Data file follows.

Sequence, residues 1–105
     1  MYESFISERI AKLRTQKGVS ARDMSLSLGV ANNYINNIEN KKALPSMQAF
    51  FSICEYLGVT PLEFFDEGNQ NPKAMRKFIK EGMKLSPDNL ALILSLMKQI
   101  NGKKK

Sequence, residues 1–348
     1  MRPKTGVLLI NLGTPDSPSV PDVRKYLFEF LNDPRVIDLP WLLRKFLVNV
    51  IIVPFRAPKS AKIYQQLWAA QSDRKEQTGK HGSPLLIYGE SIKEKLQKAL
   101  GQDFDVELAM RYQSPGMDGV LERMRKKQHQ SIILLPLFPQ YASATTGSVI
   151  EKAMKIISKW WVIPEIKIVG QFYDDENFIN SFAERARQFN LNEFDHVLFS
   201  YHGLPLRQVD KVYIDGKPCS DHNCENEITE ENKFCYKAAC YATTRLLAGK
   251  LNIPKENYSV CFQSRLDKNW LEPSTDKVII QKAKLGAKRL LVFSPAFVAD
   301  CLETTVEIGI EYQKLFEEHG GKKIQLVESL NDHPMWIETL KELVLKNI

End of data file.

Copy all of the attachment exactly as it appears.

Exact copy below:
Sequence, residues 1–105
     1  MYESFISERI AKLRTQKGVS ARDMSLSLGV ANNYINNIEN KKALPSMQAF
    51  FSICEYLGVT PLEFFDEGNQ NPKAMRKFIK EGMKLSPDNL ALILSLMKQI
   101  NGKKK

Sequence, residues 1–348
     1  MRPKTGVLLI NLGTPDSPSV PDVRKYLFEF LNDPRVIDLP WLLRKFLVNV
    51  IIVPFRAPKS AKIYQQLWAA QSDRKEQTGK HGSPLLIYGE SIKEKLQKAL
   101  GQDFDVELAM RYQSPGMDGV LERMRKKQHQ SIILLPLFPQ YASATTGSVI
   151  EKAMKIISKW WVIPEIKIVG QFYDDENFIN SFAERARQFN LNEFDHVLFS
   201  YHGLPLRQVD KVYIDGKPCS DHNCENEITE ENKFCYKAAC YATTRLLAGK
   251  LNIPKENYSV CFQSRLDKNW LEPSTDKVII QKAKLGAKRL LVFSPAFVAD
   301  CLETTVEIGI EYQKLFEEHG GKKIQLVESL NDHPMWIETL KELVLKNI